In association with Cava DO.

With its distinct sense of terroir, Cava made from Catalonia’s indigenous grape varieties is something we should all be drinking now, says Andrew Jefford...

In association with Cava DO.

What’s changing in Cava

When I think of Cava, I think of two paradoxes. The first is that this is the principal wine expression of the Catalan hills, yet drinkers very seldom think about Catalonia and its grape varieties, or its terroir, as they drink Cava. The paradox is intensified with every step the drinker takes up the Cava wine hierarchy.

Few wines express their identity and origins so forcefully as fine Cava, especially when vinified chiefly from Macabeo and Xarel.lo: the scent is intimately that of these wild, sunlit, pine-strewn, sea-fronted terraces, punctuated incessantly by forest and Mediterranean scrub, with all of its legendary aromatic force. The wines’ flavours, too – that salty-stony breadth, that structured southern fruit, the haunting of its foam by the memory of wild flowers and fennel seeds, the way that the bubbles lift and relieve an almost chewy white wine, while the grain of its yeast trace seems to suggest a white earth and the clay it might form when the winter rains come, and its always gentle acidity has a tangy, exotic quality – this, for me, is the taste of Catalonia itself, a perfect expression of its physical identity as a land, the most evocative of sketches.

One sip, and I can always see the jagged outline of Montserrat in the distance. Agreed, I’ve been lucky enough to visit several times and most Cava drinkers will not have had the same chance – but that sensorial difference is always there, and if you are ready to spend £20 or £30 on a Cava, you will find it there most intensely. Yet this vital facet of its character is rarely recognised or celebrated.

The second paradox is even more striking. The sparkling wine world is, at present, a rather dull and homogenous place. Why? Because so much of it lies in Champagne’s shadow. Champagne’s striking quality, and the imaginative hold it has succeeded in exerting on the market, is almost a dictature – so that whenever winemakers outside Europe (and often inside, too) want to make a sparkling wine, they reach for Chardonnay and Pinot Noir, and they set off with Champagne’s fine-honed balance and nuance buried like a gimlet in their brains, no matter how inappropriate this might be in terms of respect for the climate and soils in which such sparkling wines are going to be created. Since technology is an intimate part of all sparkling wine creation, they can often create passably good Champagne-like sparkling wines – though they are sparkling wines that are doomed to be second best, since they are trying to be what they can never be.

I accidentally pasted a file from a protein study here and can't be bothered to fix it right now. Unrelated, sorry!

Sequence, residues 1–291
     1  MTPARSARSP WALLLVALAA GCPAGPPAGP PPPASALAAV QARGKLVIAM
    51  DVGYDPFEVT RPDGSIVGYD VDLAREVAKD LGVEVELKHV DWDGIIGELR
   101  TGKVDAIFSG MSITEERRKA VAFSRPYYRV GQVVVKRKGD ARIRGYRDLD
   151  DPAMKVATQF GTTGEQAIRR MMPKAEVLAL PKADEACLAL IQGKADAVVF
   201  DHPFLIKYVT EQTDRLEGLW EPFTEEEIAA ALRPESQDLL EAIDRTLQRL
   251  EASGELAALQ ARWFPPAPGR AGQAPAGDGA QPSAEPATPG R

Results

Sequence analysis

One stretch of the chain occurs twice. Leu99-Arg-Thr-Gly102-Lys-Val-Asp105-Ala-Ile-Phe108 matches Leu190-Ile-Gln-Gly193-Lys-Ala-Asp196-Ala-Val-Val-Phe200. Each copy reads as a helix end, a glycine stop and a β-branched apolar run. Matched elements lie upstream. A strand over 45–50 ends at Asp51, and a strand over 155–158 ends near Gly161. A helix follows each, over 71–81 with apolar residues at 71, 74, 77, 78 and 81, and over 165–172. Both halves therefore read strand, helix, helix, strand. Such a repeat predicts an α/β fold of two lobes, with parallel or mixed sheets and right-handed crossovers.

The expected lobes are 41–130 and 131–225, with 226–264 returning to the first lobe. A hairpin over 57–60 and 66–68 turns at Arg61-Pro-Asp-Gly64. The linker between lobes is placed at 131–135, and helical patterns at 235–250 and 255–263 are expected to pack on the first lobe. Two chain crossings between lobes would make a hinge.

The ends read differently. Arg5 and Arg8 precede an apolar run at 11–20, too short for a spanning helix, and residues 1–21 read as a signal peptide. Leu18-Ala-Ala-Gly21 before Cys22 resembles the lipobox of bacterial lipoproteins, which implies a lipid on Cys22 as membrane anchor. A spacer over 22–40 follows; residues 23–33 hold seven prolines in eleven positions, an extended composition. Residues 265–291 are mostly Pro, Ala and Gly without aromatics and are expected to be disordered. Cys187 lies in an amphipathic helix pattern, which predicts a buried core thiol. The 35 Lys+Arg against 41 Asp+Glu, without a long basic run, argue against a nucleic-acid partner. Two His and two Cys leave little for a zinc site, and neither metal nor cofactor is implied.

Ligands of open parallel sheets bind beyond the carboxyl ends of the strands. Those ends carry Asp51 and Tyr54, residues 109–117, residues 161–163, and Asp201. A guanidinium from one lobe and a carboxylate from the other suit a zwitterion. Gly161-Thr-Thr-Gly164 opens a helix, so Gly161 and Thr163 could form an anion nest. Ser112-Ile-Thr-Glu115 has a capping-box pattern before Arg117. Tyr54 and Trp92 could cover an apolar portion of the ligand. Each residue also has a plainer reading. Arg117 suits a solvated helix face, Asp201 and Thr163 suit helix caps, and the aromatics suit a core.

A changing world

Cava made with Catalonia’s indigenous varieties is the great exception to this rule. It proves, at the highest levels with triumphant success, that there is another way to make sparkling wine, a southern way, a warm-climate way, a terroir-respecting alternative – and that sparkling wines made in this idiom and in this style can work resoundingly well as gastronomic objects.

Great Cava rearranges all the sparkling wine rules. It is a force for liberation in the sparkling wine world, and in truth a much more useful source of inspiration than Champagne for many of those struggling to make great sparkling wine in climates that are vastly warmer than those of Reims and Epernay. Though, of course, sparkling winemakers would need to fall in love with Cava first in order to want to do what their landscapes and their seasons are, in fact, whispering to them to do.

Things are now changing; the sparkling wine world is finally shaking off Champagne’s dictature and beginning to expand. Alternatives are now permissible; drinkers are prepared to allow that there might be ways in which sparkling wines can seduce, entice, satisfy, inspire and transport that do not involve Chardonnay, Pinot Noir and the kind of acid balance that comes when a full season in the vineyard delivers only 9.5% potential alcohol by summer’s close. Cava’s moment has come.

And Cava, too, is changing. There is a recognition in Catalonia that the big business model of huge volume and low margins is not the only way to build a future. The kind of Cava I have described above has long been familiar to the Catalans themselves – but to almost no one else. Partly that was because the world wasn’t ready for it, but it also comes from the fact that the Cava rules have been drafted with such latitude (in terms of fruit origin and approved grape varieties) that ‘the Catalan character’ is often opaque or residual in less expensive examples.

Cava de Paraje Calificado is a change of direction – a category that allows those who wish to maximise rather than minimise the Catalan character in their wines the chance to do so. I know from having visited many smaller Cava producers that fine sparkling wines of this sort are already produced in profusion in the region, and often with the highest terroir ideals. Merchants around the world need to make at least small ranges of such wines available to their customers in what (I hope) are expanding offers of indigenous sparkling wines.

And then it will be down to you – the drinker. Open your mind; open your palate. Much wine beauty is an acquired taste – but, once acquired, complexity and intrigue ensures that it is never lost. This is what you will find when you discover, and come to appreciate, the fine foaming white wine of the Catalan hills.


Andrew Jefford is a writer, broadcaster and Decanter contributing editor.


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